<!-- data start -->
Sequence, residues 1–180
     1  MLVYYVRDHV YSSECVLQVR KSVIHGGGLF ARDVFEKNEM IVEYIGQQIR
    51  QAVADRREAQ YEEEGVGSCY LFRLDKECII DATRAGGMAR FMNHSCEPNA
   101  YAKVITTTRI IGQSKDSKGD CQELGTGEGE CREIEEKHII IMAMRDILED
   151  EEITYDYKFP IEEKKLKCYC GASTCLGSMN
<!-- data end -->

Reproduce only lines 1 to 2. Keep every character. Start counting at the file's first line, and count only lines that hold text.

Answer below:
Sequence, residues 1–180
     1  MLVYYVRDHV YSSECVLQVR KSVIHGGGLF ARDVFEKNEM IVEYIGQQIR